The International Reformed-Anglican Dialogue (IRAD) between the World Communion of Reformed Churches (WCRC) and the Anglican Communion met for its second meeting, at Clare College, Cambridge, England, 2 to 8 September 2016. The co-chairs are Elizabeth Welch (Reformed) and David Chillingworth (Anglican).
The current series of discussions is the first that the Anglican and Reformed communions have had since 1984, when their dialogue wrote the statement, God’s Reign and our Unity. The dialogue has been mandated to study the nature of communion (koinonia), a wide range of missiological challenges facing the two communions and the sources wherein the work of the Spirit may be discerned, notably authority and governance, episcope and episcopacy. The theme of this second meeting was “the nature of communion and its challenges.”
As part of its reflection on the nature of communion, there have been presentations and discussion from the perspectives of the Trinity in seventeenth century English Reformed theology in dialogue with contemporary Orthodox theology; a theology of koinonia from the perspective of the sending (missio) of the Son rather than the mutually dependent interpersonal relationships (perichoresis) between the Three Divine Persons and a reflection on the historical instruments within which koinonia has been maintained.
In a series of meetings the commission discussed the nature of communion, its quality and intensiveness, misunderstandings over theological and adiaphoral issues (neither authoritatively required nor forbidden matters), the continuities which provide the perennial bedrock of the two ecclesial traditions, and the ways in which such continuities are ritualized in contrast to society outside the church. In an atmosphere of reflection the commission considered how communion can be cared for and sustained when challenges threaten to overwhelm. The commission took stock of the challenges to communion experienced by both traditions, but remembered the creative improvisation and the joy and hospitality of the Word made Flesh on our behalf.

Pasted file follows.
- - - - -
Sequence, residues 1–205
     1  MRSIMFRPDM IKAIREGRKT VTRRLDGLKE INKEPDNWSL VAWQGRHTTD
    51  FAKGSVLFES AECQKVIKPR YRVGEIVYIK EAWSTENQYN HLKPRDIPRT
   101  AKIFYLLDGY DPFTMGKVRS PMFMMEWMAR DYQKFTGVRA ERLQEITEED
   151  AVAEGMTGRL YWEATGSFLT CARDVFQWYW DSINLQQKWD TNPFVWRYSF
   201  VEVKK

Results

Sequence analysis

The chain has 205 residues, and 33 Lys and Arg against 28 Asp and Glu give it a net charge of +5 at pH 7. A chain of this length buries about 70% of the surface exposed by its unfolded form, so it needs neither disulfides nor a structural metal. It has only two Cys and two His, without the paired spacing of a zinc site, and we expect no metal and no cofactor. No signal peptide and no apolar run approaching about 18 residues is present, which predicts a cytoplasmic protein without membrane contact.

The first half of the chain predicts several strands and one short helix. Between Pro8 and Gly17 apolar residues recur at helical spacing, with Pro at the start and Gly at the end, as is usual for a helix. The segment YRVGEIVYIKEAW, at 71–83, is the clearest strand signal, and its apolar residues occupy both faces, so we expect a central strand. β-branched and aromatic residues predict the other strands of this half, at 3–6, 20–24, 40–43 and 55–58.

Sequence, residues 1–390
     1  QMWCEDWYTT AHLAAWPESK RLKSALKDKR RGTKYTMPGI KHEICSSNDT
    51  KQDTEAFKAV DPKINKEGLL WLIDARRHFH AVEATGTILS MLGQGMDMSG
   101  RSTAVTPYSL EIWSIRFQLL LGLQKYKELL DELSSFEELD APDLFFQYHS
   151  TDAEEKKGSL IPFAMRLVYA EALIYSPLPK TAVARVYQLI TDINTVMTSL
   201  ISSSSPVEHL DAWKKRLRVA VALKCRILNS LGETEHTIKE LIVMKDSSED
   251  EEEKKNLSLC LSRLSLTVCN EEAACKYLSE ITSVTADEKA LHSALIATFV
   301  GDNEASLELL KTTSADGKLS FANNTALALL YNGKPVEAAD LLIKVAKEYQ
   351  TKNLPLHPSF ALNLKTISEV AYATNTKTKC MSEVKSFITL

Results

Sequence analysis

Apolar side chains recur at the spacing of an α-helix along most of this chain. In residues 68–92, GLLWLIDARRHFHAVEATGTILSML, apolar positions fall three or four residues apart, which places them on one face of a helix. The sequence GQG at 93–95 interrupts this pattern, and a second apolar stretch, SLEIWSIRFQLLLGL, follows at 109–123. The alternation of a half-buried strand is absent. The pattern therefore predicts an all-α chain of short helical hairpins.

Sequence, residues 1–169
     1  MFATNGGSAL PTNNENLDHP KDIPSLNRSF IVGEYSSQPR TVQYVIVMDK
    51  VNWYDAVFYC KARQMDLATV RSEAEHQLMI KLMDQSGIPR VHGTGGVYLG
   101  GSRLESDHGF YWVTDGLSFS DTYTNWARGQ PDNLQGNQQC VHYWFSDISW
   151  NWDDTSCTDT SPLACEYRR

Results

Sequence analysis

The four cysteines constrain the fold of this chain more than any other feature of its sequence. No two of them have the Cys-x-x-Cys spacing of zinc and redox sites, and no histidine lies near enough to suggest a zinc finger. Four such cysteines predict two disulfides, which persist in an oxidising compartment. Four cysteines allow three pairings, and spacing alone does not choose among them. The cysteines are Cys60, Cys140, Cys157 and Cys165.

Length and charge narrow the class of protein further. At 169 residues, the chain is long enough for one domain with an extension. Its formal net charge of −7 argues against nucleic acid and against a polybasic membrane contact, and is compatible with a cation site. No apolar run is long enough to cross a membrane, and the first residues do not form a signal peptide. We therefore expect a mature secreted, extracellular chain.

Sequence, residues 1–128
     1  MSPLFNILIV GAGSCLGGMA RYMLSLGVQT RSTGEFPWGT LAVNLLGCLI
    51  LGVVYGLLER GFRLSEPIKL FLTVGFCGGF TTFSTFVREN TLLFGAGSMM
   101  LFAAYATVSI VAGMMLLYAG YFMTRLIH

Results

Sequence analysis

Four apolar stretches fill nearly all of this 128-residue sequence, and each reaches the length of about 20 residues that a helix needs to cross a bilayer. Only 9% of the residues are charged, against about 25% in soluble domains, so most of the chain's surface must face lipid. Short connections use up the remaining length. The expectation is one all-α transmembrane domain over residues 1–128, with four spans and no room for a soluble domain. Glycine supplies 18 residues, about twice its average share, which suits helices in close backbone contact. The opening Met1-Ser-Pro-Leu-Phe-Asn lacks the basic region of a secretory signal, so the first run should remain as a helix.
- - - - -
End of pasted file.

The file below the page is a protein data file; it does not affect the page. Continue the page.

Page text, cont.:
Members of the Commission were delighted to see the only autograph manuscript of the Westminster Confession at Westminster College, Cambridge, thanks to the good offices of Stephen Orchard, principal emeritus of the College. They were also made welcome by Christopher de Hamel and allowed see priceless treasures of the Anglican tradition in the Parker Library at Corpus Christi College, Cambridge.
The dialogue began with a celebration of Holy Communion in King’s College, Cambridge, using a liturgy of the Scottish Episcopal Church at which the Anglican co-chair presided and the Reformed co-chair preached, and closed with a celebration of Holy Communion according to the Reformed tradition in the Chapel of Clare College, at which the Reformed co-chair presided and the Anglican co-chair preached. The members of the dialogue prayed together each morning and evening.
This second meeting of the commission was hosted by the Anglican Communion and greatly facilitated by James Hawkey, Dean of Clare College.
To experience an example of vibrant ecumenical worship, the Commission was welcomed by the Philipa King to St Luke’s Parish Church which is a Church of England/United Reformed Church Local Ecumenical Partnership. Members of the commission later worshipped at Evensong in Ely Cathedral, thereby gaining a sense of the thousand year history of worship in cathedral churches.
The commission will meet again at Princeton Theological Seminary in early September 2017.
Anglican Communion participants: David Chillingworth (co-chair), Scottish Episcopal Church; Clint Le Bruyns, Anglican Church of Southern Africa; Renta Nishihara, Nippon Sei Ko Kai; Helene T. Steed, Church of Ireland; James Hawkey, Church of England; staff: John Gibaut (co-secretary); Neil Vigers, Anglican Communion Office.
WCRC participants: Elizabeth Welch (co-chair), United Reformed Church, England; Iain R. Torrance, The Church of Scotland; Royce M Victor, Church of South India; Gertrude Aopesyaga Kapuma, Church of Central Africa Presbyterian; R. Gerald Hobbs, United Church of Canada; staff: Aruna Gnanadason (WCRC consultant); Stephen Orchard, United Reformed Church (England).